Interview: Logan Ryan on MacJournal

MacJournal Interface

This is a brief Q&A about MacJournal with Logan Ryan. MacJournal is my favorite writing and editing software tool for the Mac. Logan Ryan is the Director of Marketing for Mariner Software.

I do a whole lot of writing using my Mac. If I’m not doing photography, I’m writing. Because of this, I decided to look around for the best writing tool that’s available out there. I ended up investing long hours in an extensive online search for the best writing software. Among the many third-party writing software I’ve tested for the Mac (and there are a lot), I chose to use MacJournal.

When it comes to handling text, I believe that none comes close to the elegance, efficiency and beauty of MacJournal. While traditionally I can write using Microsoft’s MS Word, or write with the built-in free TextEdit, I feel that MacJournal best handles the job. MS Word takes up so much resources on my computer and is somewhat too complicated when it comes to getting what needs to be done. TextEdit, on the other hand, seems inadequate in organizing and handling my texts.

In the final analysis, and from testing out numerous third-party contenders, MacJournal proved itself as the perfect writing solution.

Here’s the full text of my brief email interview with Logan Ryan:

Dominique James: What makes MacJournal different or unique from other writing, editing, journaling, blogging software?

Logan Ryan: To our knowledge, there is no other journaling and blogging application for the Mac on the market. There are a few shareware and donationware journaling only apps out there but we don’t really see them as competition. MacJournal has matured for several years and has more than a hundred thousand customers so we must be doing something right.

DJ: What are the features that MacJournal users love the most about the software?

LR: We find that our users are pretty passionate about journaling. It becomes an extension of themselves. In many case, it’s a therapeutic outlet. They praise us when it works (99.9% of the time) and threaten us with bodily harm when they stumble across a stray bug. I’m being a little dramatic but you get the picture. It’s definitely a software most user use daily, sometimes multiple times a day. When journaling, we hear a lot of users say they absolutely love the audio feature. To get a loved one to talk about something and have the ability to record it, then embed it into a MacJournal entry seems basic but it seems like most users use this feature when they are showcasing something (a child’s birthday, grandma talking about the Depression, a couple’s anniversary …. real tug-on-the-heartstrings kind of stuff). The other popular feature from a writing perspective is the Full Screen Mode. It’s addictive. To remove the distractions of everyday life and just concentrate on writing has been a God-send for many. From the blogging side, folks are having a lot of fun in MacJournal 5 with video blogging or vlogging. That’s a relatively new feature so it hasn’t hit the mainstream of our customer base yet.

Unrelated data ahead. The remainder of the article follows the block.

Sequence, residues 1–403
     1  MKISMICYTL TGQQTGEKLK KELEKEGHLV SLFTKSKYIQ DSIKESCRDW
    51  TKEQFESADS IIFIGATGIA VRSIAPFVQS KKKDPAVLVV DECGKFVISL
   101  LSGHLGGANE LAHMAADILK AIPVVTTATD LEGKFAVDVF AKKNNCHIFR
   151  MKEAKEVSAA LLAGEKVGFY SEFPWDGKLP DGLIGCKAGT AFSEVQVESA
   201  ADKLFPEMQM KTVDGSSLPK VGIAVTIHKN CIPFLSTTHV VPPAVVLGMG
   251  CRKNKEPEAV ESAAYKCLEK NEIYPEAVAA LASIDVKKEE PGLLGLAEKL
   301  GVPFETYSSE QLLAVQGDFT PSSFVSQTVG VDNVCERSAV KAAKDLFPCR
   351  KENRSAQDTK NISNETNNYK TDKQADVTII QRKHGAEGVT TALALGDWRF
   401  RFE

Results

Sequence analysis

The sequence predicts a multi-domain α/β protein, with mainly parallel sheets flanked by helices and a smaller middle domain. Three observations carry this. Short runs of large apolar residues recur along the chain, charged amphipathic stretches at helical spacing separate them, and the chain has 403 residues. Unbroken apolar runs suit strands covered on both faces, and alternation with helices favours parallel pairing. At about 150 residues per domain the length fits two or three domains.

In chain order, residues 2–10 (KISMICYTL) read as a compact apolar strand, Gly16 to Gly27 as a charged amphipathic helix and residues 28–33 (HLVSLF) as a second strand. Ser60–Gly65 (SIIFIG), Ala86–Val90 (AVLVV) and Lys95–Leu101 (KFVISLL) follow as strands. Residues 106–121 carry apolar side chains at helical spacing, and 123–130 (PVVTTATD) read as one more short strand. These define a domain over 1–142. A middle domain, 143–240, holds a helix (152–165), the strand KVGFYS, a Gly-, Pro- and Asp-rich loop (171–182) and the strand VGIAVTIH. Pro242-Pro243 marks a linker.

DJ: MacJournal can serve as a standard/universal Mac-based note-taking software for photographers. The sidebar and entries list seems the perfect way to organize various information that a photographer needs create, update and refer to in a single location. Any tips and hints on how to do this? Any other aspects of MacJournal that photographers might find interesting and useful and practical?

LR: For the Aperture user, MacJournal could be helpful for making field notes during a shoot. Something to match the photos with later on when they are editing the shoot. You could also store some photos in there, but I imagine Aperture is the better place for that.

DJ: In what way do you think that a “notes” application can enhance the workflow of a professional photographer?

LR: The audio and video recording in MacJournal would also be helpful for “taking notes” while shooting. Unfortunately, right now, Aperture doesn’t have any way for other apps to link in to projects or photos themselves, so it wouldn’t be possible to refer to things from MacJournal. We are always looking for creative ways though.

DJ: What are the future development being planned for MacJournal?

LR: Hmmm, I’m afraid I might get strung up by my toes if I let that out! Since we just released MacJournal 5, it won’t be until 2009 before we seen anything major.

[Note: Dan Schimpf is the developer of MacJournal. For the latest and most up-to-date information on MacJournal and Mariner Software, visit The Ship’s Wheel.]


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